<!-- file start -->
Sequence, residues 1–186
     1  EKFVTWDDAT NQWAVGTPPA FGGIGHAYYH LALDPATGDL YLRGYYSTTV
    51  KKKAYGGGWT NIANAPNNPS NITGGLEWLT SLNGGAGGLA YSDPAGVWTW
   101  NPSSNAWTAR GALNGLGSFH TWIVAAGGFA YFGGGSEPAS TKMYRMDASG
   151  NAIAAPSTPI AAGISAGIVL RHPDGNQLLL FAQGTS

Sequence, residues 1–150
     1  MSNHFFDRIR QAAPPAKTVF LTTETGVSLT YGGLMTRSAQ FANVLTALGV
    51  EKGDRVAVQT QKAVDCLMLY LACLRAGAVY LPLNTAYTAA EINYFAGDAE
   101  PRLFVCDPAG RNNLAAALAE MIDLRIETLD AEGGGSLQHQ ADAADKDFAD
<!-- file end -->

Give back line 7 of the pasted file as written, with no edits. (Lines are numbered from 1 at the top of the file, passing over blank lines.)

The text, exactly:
     1  MSNHFFDRIR QAAPPAKTVF LTTETGVSLT YGGLMTRSAQ FANVLTALGV